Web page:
• supports WebSockets.  The most common module that is used for this is socket.io which is stable and mature.  This means we can write the event-handlers for each end of the WebSocket connections in the same language: Javascript.
  • now has very fast, in-process connectors to GT.M and Caché that allow access to Mumps Globals and functions from Javascript.  I’ve described these in earlier articles.

My latest version of this Node.js gateway, known as ewdGateway2, is now, I believe, good enough for general use and evaluation, so I want to introduce it to you in this article.  ewdGateway2 is entirely written in Javascript and is released as an Open Source product (licensed under the Apache 2 license) and will work with:

  • Caché, via InterSystems’ Node.js interface that is included with versions 2012.1 and later
  • GT.M, via David Wicksell’s NodeM interface

ewdGateway2 removes the need to install and configure a web server such as IIS or Apache, and, if you’re a Caché developer, you are no longer limited to using CSP or WebLink.  It will support all your existing EWD applications:

  • if you use GT.M, your existing EWD applications will run without any changes or recompilations being necessary
  • if you use Caché, just recompile your EWD applications, but specify the technology as “ewd” instead of “csp” or “wl”

It’s worth taking a look at how ewdGateway2 works.  In many ways it adopts a similar architecture to WebLink, CSP and m_apache, in that it combines:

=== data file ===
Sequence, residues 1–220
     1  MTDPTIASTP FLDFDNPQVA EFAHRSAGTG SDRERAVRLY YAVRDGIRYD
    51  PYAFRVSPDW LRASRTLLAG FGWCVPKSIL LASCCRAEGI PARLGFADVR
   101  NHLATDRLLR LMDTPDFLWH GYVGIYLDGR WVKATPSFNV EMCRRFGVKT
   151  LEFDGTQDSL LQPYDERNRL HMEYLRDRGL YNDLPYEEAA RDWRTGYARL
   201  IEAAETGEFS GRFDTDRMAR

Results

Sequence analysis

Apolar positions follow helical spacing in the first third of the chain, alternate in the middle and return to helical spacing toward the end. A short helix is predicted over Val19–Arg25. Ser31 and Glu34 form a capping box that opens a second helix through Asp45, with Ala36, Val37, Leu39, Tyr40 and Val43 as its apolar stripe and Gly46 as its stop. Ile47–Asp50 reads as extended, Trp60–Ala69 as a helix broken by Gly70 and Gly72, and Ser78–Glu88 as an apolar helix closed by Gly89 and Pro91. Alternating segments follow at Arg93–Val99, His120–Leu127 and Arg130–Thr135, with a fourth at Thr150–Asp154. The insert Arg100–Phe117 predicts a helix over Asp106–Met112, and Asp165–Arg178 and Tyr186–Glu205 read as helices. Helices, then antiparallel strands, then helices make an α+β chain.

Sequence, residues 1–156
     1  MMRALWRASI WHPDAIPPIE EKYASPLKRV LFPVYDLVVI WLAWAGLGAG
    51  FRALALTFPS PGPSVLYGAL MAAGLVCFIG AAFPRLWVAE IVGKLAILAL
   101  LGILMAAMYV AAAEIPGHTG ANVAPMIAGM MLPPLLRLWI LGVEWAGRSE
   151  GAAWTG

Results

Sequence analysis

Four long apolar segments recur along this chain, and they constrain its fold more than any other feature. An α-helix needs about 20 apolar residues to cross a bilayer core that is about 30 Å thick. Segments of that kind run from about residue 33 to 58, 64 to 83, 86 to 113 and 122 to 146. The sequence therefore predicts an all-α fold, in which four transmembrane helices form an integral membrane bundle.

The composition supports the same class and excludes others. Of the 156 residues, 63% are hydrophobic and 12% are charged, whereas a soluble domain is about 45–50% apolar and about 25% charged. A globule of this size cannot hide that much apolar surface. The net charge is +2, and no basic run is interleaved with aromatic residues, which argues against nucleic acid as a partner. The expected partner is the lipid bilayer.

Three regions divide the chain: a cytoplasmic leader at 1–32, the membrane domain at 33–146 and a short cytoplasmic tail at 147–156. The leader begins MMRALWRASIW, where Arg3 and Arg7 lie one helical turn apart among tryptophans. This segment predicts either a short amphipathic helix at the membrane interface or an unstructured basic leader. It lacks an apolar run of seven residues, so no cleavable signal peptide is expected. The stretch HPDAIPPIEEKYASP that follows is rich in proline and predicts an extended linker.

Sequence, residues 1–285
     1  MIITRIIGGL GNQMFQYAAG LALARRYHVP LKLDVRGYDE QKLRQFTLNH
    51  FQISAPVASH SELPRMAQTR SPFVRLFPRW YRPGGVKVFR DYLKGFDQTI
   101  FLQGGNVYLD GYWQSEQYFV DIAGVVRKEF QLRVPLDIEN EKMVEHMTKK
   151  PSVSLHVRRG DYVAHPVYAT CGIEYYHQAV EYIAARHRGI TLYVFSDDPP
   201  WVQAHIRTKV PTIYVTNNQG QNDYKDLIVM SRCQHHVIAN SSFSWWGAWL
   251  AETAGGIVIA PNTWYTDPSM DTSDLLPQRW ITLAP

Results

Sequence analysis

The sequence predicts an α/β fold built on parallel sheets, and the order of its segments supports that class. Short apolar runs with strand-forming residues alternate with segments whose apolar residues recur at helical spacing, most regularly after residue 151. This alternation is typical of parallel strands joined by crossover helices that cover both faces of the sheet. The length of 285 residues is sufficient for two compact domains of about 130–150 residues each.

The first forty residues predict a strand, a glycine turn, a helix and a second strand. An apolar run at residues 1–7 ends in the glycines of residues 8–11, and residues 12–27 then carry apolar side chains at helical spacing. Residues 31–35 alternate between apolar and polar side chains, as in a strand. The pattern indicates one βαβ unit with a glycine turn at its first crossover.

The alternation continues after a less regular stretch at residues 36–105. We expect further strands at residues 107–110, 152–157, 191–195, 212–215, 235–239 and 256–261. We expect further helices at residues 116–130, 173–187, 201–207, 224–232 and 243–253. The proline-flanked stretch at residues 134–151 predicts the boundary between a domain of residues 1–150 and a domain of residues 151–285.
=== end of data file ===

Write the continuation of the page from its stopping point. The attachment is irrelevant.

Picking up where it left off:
• a queue into which incoming HTTP requests are placed
  • a number of pre-forked child processes that actually make the physical connections to GT.M or Caché using the appropriate Node.js interface
  • a queue processor that allocates requests in the queue to the first free child process

Critically, a child process is only allowed to handle a single request at a time, and, during this time, it is unavailable to the queue processor.

This architecture is summarised in this diagram.

 

Screen Shot 2013-02-12 at 10.36.52

 

 

 

 

 

 

 

One of the things you’ll have realised from my previous articles is that the Node.js interfaces to Caché and GT.M are both in-process and synchronous.

  • The in-process nature of the interfaces means that each of the child processes binds intimately to an instance of Caché or GT.M.  In terms of Caché licensing, you therefore determine the number of licenses you consume by determining how many worker child processes you want ewdGateway2 to spawn.  Incoming requests will be queued until a child process becomes free, so, with ewdGateway2, you’ll not see any “license exceeded” errors: if things get too busy, the queue will simply grow.
  • The synchronous nature of the Node.js interfaces seems to fly in the face of conventional Node.js wisdom and convention.  In Node.js, all I/O is meant to be carried out asynchronously.  ewdGateway2 addresses this issue by ensuring that the synchronous interfacing to Caché or GT.M takes place within the isolation of the worker child processes.  Since each worker child process is limited to handling a single request at a time, the handling of other requests is unaffected by this synchronous processing.  Meanwhile the outward-facing main Node.js parent process that provides the web server interface and queue is entirely asynchronous, as would be expected in a Node.js application.

Each of the worker child processes is capable of a variety of things, thanks to a set of request handlers that are built-in (see diagram)

Screen Shot 2013-02-12 at 10.57.01

 

 

 

 

 

 

 

These include:

  • handling incoming URL requests for EWD pages and fragments
  • handling incoming WebSocket requests
  • handling requests to manage ewdGateway2 (eg to add or remove worker child processes, change the logging level and destination etc)